The dogs are not happy, though. Not just because of the missing couch. They know that something big is going on around here, and they’re pretty sure they aren’t going to be involved in it. I keep telling them that they get to go on this trip, but I can tell they don’t believe me. Every time Stella looks up at me, she has big sad eyes. She doesn’t understand. Doesn’t know about the fancy doggie car seat I got for her so she can see out the window as we trek across the country. Stella, the dog who’s never been more than 80 miles from home, is about to have her little doggie mind blown.

I have no idea what they’re going to think when their paws touch the Pacific.

that time I went sleepwalking

James was in the den watching TV. It was around 11:30PM, and I’d gone to bed an hour or so earlier. He heard the door to the laundry room open, the light switch flip and the door close, which was odd. The laundry room is so tiny you have to leave the door open in order to have enough room to get the clothes out of the dryer. But someone was in there. Creepy.

He opened the door, and I was standing in front of the washer with the lid up. Sort of pawing at the air inside the machine but not really making contact with anything. He asked if I was okay. I said, “I’m just so tired. I’m tired. So tired.” (Martyr.) My eyes were open but not awake, and he realized I was sleepwalking. He walked me back to bed, and I didn’t remember any of this the next morning.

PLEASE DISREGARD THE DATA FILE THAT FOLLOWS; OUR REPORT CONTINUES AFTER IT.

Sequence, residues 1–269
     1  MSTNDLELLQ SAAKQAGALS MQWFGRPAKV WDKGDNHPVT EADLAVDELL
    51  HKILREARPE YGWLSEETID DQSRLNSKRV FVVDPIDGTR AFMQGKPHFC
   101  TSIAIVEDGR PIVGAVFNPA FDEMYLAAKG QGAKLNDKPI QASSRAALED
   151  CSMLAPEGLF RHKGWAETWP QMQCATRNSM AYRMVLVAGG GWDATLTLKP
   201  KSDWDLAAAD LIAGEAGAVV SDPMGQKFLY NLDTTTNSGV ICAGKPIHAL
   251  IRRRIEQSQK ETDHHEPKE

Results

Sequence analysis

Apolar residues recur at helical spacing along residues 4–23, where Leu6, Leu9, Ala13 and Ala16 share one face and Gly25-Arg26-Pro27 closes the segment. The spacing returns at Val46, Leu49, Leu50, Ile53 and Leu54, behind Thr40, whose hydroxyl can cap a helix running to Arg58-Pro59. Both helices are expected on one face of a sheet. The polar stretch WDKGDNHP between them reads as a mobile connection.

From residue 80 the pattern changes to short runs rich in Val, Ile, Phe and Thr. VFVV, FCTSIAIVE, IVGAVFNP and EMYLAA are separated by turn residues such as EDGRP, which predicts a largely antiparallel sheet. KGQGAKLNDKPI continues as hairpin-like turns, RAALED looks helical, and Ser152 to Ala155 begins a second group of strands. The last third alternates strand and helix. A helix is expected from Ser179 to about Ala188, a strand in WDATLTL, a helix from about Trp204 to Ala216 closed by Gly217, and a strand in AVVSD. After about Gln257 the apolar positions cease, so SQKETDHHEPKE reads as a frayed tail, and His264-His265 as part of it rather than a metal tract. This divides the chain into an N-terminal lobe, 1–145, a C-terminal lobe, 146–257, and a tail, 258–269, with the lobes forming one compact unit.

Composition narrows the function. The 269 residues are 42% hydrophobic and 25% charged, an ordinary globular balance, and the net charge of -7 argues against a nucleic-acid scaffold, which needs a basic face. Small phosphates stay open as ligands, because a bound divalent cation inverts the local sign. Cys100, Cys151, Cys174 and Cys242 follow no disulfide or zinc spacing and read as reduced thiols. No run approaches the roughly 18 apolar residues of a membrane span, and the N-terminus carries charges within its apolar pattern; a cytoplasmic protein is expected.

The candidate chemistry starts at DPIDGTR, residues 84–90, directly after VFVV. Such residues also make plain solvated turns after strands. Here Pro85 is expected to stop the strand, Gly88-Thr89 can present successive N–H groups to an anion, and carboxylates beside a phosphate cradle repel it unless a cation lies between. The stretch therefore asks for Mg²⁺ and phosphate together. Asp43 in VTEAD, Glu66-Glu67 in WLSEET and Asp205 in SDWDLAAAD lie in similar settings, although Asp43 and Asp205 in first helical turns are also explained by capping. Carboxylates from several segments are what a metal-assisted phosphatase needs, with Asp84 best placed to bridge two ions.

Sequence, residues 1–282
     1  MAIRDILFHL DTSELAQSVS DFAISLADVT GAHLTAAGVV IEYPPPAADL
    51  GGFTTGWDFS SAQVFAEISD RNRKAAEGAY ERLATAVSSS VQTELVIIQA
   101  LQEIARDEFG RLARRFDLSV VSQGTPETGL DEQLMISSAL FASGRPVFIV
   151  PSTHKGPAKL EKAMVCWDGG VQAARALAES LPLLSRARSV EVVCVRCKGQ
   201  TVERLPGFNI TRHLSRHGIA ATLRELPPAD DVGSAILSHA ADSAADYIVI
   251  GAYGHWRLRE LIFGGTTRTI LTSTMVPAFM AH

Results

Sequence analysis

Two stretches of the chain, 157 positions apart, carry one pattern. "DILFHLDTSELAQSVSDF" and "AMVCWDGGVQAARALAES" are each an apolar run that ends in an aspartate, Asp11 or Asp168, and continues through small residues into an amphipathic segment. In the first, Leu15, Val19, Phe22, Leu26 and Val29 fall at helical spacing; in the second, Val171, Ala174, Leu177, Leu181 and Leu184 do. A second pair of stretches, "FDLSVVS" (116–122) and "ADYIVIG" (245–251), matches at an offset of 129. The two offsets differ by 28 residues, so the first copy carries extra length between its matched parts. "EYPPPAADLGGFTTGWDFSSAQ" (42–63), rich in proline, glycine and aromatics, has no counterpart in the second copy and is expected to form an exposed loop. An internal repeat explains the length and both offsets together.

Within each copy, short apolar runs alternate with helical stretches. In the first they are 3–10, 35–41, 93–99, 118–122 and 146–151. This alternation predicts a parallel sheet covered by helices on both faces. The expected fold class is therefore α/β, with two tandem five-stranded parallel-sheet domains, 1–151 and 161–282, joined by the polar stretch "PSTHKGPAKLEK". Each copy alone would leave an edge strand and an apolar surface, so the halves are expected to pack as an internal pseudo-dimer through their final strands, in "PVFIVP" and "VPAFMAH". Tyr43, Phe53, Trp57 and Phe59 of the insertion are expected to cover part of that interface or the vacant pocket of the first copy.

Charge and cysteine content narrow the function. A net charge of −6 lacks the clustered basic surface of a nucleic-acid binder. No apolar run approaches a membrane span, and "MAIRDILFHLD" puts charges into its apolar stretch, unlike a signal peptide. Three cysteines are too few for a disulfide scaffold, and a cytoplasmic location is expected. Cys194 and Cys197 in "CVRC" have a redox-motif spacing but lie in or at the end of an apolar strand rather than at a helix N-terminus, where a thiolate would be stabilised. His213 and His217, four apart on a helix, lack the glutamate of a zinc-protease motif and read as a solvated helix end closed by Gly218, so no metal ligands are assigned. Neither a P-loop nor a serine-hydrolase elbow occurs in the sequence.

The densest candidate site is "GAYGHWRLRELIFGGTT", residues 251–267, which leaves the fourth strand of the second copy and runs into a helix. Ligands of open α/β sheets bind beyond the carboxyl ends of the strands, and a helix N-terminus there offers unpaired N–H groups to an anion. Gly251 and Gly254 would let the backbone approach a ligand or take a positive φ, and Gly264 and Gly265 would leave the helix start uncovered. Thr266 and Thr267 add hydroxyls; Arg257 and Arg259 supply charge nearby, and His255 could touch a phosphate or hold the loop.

The first thing I did was start googling to see what dread disease causes one to sleepwalk. Because, even though I’ve slept approximately 15,877 nights in my life and this was the first (only?) time I’d ever gone sleepwalking, I was sure it meant something horrible was coming. And maybe it is, but the “incident” was 10 months ago and hasn’t had a second appearance. As far as I know.

Sleepwalking is common in children but less so in adults–maybe 4% of the population. Almost half of adult sleepwalkers have an incident at least once a week, and 25% deal with it nightly (!). An isolated incident in adults, which is what I assume I experienced, is usually related to stress + sleep deprivation + alcohol or some other sedative. Hmmm. Those are three of the main ingredients of my life.